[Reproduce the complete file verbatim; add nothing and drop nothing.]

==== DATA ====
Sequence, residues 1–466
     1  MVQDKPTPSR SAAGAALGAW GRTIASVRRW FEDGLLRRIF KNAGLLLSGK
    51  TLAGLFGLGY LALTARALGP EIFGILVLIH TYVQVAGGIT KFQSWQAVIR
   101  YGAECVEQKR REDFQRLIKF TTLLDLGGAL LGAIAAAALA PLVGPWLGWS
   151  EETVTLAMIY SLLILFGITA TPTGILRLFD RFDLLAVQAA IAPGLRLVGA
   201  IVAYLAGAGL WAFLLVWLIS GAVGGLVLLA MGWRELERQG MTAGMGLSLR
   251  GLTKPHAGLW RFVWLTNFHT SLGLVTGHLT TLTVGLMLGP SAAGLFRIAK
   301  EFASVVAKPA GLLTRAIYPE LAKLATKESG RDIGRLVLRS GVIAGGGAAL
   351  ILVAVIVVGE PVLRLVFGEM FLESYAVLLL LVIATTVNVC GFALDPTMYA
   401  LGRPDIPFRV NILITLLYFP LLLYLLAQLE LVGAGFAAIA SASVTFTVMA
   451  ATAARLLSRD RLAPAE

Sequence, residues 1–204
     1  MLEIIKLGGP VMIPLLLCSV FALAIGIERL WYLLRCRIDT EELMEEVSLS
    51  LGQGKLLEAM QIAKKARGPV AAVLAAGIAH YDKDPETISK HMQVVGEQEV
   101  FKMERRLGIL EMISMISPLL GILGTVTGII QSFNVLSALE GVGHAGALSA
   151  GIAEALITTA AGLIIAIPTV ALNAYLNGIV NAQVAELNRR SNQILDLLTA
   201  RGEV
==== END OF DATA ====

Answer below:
Sequence, residues 1–466
     1  MVQDKPTPSR SAAGAALGAW GRTIASVRRW FEDGLLRRIF KNAGLLLSGK
    51  TLAGLFGLGY LALTARALGP EIFGILVLIH TYVQVAGGIT KFQSWQAVIR
   101  YGAECVEQKR REDFQRLIKF TTLLDLGGAL LGAIAAAALA PLVGPWLGWS
   151  EETVTLAMIY SLLILFGITA TPTGILRLFD RFDLLAVQAA IAPGLRLVGA
   201  IVAYLAGAGL WAFLLVWLIS GAVGGLVLLA MGWRELERQG MTAGMGLSLR
   251  GLTKPHAGLW RFVWLTNFHT SLGLVTGHLT TLTVGLMLGP SAAGLFRIAK
   301  EFASVVAKPA GLLTRAIYPE LAKLATKESG RDIGRLVLRS GVIAGGGAAL
   351  ILVAVIVVGE PVLRLVFGEM FLESYAVLLL LVIATTVNVC GFALDPTMYA
   401  LGRPDIPFRV NILITLLYFP LLLYLLAQLE LVGAGFAAIA SASVTFTVMA
   451  ATAARLLSRD RLAPAE

Sequence, residues 1–204
     1  MLEIIKLGGP VMIPLLLCSV FALAIGIERL WYLLRCRIDT EELMEEVSLS
    51  LGQGKLLEAM QIAKKARGPV AAVLAAGIAH YDKDPETISK HMQVVGEQEV
   101  FKMERRLGIL EMISMISPLL GILGTVTGII QSFNVLSALE GVGHAGALSA
   151  GIAEALITTA AGLIIAIPTV ALNAYLNGIV NAQVAELNRR SNQILDLLTA
   201  RGEV